Veterans get a big ‘thank you’ from Riverview Elementary

November 8, 2013 

— Thanksgiving came a little early to Riverview Elementary Friday when the school pulled out all the stops to celebrate local veterans.

Kindergarteners through fifth-graders, many waving American flags, wearing their Scout uniforms, or sporting star-spangled paper hats they had made, lined up along both sides of the hallways outside their classrooms. Some students in each class held paper signs printed with the names of moms, dads, grandparents and other active and retired service members.

Many other kids held paper signs that said “Thank you.”

In the library, the school had rounded up a visiting group of VIP guests: local military veterans and their families, who were chatting and sharing stories over breakfast treats. Principal Annette Chinchilla, dressed for the occasion in a navy skirt and crisp white blouse, led the procession into the halls and through the gauntlet of cheering kids. Fifth-graders Quinton Huntley and Dylan Dority carried the United States and South Carolina flags. Tylend Willingham and Christopher Dimoff followed with a Veterans Day banner nearly as wide as the hallway.

The parade ended in the cafeteria, where fifth-grader Coco Kelly welcomed everyone. The entire student body sang “For The Good of the Many” under the direction of William Fox, the music teacher. Following the Pledge of Allegiance and the national anthem, fifth-grader Anna Cogbill read “Thank You,” a poem she had written “to the brave men and women who protected our rights / Through cold hard days and cold hard nights.”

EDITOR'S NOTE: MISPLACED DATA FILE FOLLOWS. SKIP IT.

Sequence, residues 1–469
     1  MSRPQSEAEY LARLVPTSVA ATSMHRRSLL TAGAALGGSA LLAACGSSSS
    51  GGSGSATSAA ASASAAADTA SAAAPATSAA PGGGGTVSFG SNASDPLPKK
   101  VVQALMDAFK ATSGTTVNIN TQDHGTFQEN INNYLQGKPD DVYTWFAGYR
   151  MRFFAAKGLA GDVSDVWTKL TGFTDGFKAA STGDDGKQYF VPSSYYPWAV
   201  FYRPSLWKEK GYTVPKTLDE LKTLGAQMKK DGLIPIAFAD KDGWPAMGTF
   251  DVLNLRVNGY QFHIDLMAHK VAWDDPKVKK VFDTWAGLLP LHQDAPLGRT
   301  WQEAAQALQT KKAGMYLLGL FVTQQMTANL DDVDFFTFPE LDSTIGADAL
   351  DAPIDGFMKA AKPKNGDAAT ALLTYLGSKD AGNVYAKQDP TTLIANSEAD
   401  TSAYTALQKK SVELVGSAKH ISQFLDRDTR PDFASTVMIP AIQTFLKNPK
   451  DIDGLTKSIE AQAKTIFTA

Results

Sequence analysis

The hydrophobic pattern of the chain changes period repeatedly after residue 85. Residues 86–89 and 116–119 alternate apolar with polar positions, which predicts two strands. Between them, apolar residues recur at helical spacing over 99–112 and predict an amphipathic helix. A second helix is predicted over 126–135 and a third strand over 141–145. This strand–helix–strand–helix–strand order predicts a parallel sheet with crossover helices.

Then it was over.

The kids filed quickly and quietly back to their classes. Some visitors lingered; some headed back to the library to spend time with new friends. As the room cleared, Chinchilla and several other teachers worked quickly, rearranging, pushing tables to convert the makeshift auditorium back into a cafeteria in time for the kindergarteners’ lunch.

“I wish we had gotten this kind of welcome when we came home from Vietnam,” Chinchilla recalled a guest telling her after the parade.

“We get that every year,” she said.

Classes resumed. The kindergarteners had their lunch. The teachers of music and art folded the parade banner and tucked it safely away until next year.

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